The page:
09 Feb

It’s all algebra… or something

C.E. Murphy talks some math about why she won’t be continuing a series:

“I have some things to report about the Inheritors’ Cycle.

Not irregularly, people ask me if I’ll be doing more of them. I’ve been seriously considering pursuing that, but I just got royalty statements on them, and it’s clear that unless I could be absolutely certain of getting the books into bookstores, it would be a waste of my time. THE QUEEN’S BASTARD has sold about 1800 copies in e-book and THE PRETENDER’S CROWN has sold about 1000. Assuming that at the best I’d match TPC’s e-sales, I’d be looking at maybe $6K in income, all of which would be eaten by cover art and editorial costs. Not worth it.

‘But Kickstarter!’ people say, which, yes, but perks! rewards! etc! are costly and it kind of appears from royalty statements that in e-book terms, the people who might support an Inheritors’ Cycle Kickstarter (ie, the ones who are aware of my internet presence and pay attention to it) are very possibly the ones who might also buy the e-book, which means I wouldn’t even have as many as 1K sales to count on.”

(Via The Essential Kit | Inheritors’ Cycle update – The Essential Kit.)

Man, this is something I was hammering at the last convention I was at. The equations of each project differ, even sometimes from project to project with the same author. Focusing on Kickstarter, or 70% royalty, obscures the question: which method makes me the most.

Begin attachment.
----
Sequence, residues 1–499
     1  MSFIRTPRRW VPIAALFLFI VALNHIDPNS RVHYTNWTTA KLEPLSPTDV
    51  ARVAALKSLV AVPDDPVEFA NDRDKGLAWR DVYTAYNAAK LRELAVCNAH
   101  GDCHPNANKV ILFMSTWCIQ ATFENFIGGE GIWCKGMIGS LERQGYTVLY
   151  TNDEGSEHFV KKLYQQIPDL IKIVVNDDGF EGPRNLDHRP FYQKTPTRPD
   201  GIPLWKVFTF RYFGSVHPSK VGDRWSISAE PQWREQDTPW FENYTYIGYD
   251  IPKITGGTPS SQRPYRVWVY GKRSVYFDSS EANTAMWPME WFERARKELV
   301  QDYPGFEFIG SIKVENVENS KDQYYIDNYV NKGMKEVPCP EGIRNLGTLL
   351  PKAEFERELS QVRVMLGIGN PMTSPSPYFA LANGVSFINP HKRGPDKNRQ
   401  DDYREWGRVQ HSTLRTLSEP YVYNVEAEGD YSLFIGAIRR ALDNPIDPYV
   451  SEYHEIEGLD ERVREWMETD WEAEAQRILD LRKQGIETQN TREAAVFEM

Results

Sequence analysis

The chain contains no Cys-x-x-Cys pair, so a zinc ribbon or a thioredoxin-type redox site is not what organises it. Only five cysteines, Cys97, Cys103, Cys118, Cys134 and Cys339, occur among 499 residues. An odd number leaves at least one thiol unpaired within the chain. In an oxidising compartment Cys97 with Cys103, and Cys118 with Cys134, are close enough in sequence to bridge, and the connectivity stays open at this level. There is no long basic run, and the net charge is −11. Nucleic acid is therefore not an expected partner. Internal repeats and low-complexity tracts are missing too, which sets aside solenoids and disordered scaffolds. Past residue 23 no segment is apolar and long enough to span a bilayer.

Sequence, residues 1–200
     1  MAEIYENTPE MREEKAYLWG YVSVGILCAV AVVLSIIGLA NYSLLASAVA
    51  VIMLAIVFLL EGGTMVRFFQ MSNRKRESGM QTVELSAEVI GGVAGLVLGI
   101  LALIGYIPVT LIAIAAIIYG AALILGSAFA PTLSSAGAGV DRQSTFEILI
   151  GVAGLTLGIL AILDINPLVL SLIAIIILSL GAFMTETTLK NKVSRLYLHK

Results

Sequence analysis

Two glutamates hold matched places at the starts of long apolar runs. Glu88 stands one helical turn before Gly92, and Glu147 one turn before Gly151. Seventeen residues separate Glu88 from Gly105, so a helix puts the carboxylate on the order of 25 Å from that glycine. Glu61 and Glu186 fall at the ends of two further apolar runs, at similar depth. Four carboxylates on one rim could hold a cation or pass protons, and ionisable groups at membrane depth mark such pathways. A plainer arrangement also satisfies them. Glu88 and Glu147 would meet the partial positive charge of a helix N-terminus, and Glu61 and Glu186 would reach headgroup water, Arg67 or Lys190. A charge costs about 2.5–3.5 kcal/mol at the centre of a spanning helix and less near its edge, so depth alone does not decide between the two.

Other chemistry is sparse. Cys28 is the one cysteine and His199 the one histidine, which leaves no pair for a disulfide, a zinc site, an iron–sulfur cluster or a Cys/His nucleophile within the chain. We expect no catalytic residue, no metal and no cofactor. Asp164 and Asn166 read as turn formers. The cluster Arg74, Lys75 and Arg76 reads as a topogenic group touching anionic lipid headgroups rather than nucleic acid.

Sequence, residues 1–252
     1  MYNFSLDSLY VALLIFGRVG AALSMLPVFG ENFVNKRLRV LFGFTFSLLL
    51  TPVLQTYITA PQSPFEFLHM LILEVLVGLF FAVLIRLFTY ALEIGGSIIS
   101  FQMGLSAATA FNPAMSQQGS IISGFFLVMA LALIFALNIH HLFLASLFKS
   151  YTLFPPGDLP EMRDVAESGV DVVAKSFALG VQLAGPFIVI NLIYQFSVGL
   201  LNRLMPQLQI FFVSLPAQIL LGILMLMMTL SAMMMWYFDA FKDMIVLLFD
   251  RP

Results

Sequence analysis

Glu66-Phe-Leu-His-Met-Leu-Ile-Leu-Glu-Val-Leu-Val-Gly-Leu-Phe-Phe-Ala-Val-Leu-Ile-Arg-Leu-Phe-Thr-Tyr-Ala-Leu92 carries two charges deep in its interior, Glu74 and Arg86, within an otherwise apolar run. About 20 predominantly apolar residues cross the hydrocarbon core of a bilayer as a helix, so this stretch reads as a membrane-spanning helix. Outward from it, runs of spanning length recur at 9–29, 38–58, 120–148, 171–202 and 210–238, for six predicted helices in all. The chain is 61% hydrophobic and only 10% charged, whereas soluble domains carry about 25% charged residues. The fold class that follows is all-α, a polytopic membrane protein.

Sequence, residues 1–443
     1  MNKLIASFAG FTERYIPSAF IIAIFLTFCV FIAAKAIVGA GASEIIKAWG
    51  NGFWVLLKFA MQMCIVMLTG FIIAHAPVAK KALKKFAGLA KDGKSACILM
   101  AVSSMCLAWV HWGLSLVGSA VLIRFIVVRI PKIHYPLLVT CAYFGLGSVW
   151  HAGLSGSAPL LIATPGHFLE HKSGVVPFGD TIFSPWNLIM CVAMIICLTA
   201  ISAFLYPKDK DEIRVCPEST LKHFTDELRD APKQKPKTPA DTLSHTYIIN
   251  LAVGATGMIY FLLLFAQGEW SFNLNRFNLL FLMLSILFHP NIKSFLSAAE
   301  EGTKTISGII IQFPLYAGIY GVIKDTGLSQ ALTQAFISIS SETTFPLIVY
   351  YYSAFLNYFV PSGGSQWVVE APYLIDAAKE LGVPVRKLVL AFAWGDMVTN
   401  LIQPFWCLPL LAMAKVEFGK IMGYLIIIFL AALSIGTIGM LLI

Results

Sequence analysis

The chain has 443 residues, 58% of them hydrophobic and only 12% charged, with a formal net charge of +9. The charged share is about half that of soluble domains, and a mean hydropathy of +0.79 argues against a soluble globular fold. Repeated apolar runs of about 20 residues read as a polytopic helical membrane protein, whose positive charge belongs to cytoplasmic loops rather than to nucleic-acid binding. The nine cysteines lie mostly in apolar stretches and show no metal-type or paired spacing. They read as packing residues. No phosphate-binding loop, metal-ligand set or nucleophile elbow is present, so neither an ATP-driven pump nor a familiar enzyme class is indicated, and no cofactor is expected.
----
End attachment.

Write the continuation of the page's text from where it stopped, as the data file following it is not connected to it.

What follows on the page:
In some cases, it might be one way, in some another.

I mentioned that, in the modern marketplace, the money offered to me for short story collections is way less than what I can do via self publishing and Kickstarter for a collection. But for novels, the other distribution method is more lucrative.

The equation is that there is a mix of Royalty times Price of product times Size of your individual buyer pool. Let’s call the equation: R times Pop times Pool.

So while a larger publisher might increase the price of the product, if the buyer pool that they give you access to (via shelves, stores) increases sales, it can offset and beat the lower royalty.

I’ve seen writers do well in moving series to direct publishing. I’ve seen writers make almost nothing and leave confused.

The best way to get an idea for what leverage (if any) the different methods give you is to be a hybrid: experimenting with methods so that you have an idea of how the personal equation works for you.